________________ CM . . . . Volume V Number 3 . . . . October 2, 1998

Cover Under the Willow Tree: Pioneer Chinese Women in Canada.

Dora Nipp (Director), Margaret Wong (Producer).
Montreal, PQ: National Film Board of Canada, 1997.
52 minutes, VHS, $39.95.
Order Number #C9197016IEC003.

Subject Headings:
Chinese Canadians-Social conditions.
Women immigrants-Canada-History.

Grades 9 and up / Ages 14 and up.
Review by Valerie Nielsen.

*** /4

Narrator/director Dora Nipp uses pictures from an old trunk and the memories of six Chinese Canadian women to take viewers on a fascinating personal journey into a little known part of our heritage. The experiences of her subjects, all born before World War II, chronicle the hardships and joys of growing up as part of the Chinese community in Canada. The women speak of families separated by exclusionary immigration laws, the infamous "head tax," disenfranchisement up to 1947, discrimination and restricti ons which, by today's standards, seem unthinkable. Yet despite these barriers so openly recalled by each of the women interviewed, despite the sorrow and isolation felt by their generation, they speak with a quiet dignity and humour which seems untainted by bitterness or blame. As well as the many obstacles Chinese women faced as outsiders in Canadian society, they also had to battle against the "dutiful daughter" role and the firmly fixed notion held by many of their community that "Your lot was your l ot."

      Carefully chosen photographs interspersed with the narration bring to life the times and events the women are recalling. Pictures of activities such as picnics, parades, and war-time fund-raising activities give the viewer a sense of the strength and soli darity of the women of the Chinese community. The importance of the contribution made by these pioneer Chinese women to their daughters' lives is aptly expressed at the end of the video by the Chinese saying: "They planted the tree so we could enjoy the s hade."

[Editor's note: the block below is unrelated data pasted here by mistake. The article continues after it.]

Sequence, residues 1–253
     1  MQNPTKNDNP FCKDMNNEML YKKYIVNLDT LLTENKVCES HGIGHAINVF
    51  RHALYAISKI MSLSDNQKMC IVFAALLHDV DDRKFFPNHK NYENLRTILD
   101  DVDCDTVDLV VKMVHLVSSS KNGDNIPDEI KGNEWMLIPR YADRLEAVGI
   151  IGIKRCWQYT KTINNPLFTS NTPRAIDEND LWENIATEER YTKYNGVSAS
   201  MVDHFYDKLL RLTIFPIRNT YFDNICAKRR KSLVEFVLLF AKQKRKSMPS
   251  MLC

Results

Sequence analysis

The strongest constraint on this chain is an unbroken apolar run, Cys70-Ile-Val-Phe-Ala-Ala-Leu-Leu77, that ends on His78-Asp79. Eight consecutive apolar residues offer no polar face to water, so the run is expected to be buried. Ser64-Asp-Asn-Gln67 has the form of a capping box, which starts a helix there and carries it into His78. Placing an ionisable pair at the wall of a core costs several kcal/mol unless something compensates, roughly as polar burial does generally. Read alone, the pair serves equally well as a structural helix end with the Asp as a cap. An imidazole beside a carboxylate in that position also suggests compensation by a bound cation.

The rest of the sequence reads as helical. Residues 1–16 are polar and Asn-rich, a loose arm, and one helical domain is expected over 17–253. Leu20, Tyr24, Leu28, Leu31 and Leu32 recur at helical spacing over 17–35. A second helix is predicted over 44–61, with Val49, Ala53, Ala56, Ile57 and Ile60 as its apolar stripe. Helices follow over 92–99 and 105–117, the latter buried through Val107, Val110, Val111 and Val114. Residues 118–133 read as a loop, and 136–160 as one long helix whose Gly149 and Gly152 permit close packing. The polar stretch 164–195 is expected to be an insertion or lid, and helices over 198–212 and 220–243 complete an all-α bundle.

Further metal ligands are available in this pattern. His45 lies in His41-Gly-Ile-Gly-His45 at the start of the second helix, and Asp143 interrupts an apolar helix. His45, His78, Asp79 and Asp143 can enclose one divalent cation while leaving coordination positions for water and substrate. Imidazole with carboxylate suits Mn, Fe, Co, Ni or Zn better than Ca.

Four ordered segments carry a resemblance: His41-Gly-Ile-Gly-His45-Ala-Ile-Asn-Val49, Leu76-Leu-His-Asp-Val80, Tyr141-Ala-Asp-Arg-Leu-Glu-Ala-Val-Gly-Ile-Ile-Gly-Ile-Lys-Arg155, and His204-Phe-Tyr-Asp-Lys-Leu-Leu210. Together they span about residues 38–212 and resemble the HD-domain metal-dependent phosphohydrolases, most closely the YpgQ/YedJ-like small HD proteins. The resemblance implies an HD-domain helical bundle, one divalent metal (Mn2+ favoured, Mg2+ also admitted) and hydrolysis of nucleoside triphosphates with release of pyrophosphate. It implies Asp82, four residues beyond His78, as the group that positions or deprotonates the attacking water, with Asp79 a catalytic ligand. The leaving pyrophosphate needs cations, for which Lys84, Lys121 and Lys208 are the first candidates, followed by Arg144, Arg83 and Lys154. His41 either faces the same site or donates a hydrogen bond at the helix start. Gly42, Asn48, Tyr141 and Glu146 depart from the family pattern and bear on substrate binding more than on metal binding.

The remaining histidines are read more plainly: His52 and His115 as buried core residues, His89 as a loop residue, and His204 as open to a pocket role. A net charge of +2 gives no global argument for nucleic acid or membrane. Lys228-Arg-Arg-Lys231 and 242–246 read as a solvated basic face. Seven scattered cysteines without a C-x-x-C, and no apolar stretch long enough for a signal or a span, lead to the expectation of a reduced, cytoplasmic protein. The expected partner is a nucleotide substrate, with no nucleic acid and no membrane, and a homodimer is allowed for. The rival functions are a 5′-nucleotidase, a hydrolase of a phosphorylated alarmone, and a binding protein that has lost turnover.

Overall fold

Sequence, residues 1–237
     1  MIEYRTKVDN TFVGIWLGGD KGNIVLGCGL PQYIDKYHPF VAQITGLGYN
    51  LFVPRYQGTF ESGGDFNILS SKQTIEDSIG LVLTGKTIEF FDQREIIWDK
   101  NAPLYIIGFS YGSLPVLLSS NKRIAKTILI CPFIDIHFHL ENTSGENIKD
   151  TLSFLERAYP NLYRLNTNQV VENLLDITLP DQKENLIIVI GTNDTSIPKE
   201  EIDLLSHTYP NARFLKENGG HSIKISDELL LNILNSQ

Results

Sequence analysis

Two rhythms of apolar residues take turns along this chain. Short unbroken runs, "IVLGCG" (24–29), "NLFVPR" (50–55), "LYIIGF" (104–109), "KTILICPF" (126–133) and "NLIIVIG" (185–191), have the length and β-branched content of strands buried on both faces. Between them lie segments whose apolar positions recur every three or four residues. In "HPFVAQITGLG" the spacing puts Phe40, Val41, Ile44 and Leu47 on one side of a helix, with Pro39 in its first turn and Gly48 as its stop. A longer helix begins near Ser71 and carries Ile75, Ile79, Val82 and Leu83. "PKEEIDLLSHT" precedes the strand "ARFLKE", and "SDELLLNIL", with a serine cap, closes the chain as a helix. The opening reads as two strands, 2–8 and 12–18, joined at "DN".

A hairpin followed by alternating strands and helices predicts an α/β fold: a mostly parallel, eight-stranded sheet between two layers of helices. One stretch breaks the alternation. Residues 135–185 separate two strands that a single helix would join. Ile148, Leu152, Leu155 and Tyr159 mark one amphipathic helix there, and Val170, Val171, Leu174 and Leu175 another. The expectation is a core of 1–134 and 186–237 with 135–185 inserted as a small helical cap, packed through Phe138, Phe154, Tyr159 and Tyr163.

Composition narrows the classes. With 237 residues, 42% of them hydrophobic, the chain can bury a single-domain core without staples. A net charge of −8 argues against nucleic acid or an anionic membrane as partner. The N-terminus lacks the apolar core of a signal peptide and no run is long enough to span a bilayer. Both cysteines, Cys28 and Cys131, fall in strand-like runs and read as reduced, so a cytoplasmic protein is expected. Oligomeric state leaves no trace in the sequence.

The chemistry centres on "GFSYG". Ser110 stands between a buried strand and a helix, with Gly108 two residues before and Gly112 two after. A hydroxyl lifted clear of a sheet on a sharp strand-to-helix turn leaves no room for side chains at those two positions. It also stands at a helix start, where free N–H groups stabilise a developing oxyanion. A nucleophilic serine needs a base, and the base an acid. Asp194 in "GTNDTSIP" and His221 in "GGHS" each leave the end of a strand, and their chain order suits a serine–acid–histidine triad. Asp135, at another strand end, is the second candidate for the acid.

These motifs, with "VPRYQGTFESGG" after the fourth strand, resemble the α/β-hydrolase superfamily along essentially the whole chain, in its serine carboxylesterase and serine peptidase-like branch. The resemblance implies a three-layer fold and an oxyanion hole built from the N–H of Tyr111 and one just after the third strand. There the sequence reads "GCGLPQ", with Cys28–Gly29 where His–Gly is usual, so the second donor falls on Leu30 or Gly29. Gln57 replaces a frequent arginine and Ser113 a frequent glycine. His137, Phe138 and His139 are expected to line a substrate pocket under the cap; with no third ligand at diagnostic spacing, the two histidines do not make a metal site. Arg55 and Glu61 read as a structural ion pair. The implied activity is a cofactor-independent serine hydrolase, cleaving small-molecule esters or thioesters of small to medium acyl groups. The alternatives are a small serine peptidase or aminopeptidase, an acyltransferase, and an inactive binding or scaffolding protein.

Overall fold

Under the Willow Tree, though well put together and competently narrated, is somewhat over long, and lacks the kind of dramatic force it takes to engage the interests of younger adolescents. Nevertheless it should prove a valuable resource for tea chers of Canadian studies in the senior years. Suggestions for activities on exploring stereotypes and discrimination and thought-provoking questions are set out in the guide for use before and after screening. Several excellent suggestions for projects on immigration and family history are included as follow-up ideas to enrich and extend the curriculum. As well, and equally valuable for teachers and librarians engaged in resource-based learning, there is a list of related films and books (including fiction and poetry) plus a chronology of Chinese history from 1788 to 1967.

Valerie Nielsen is a recently retired Winnipeg teacher-librarian.

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Published by
The Manitoba Library Association
ISSN 1201-9364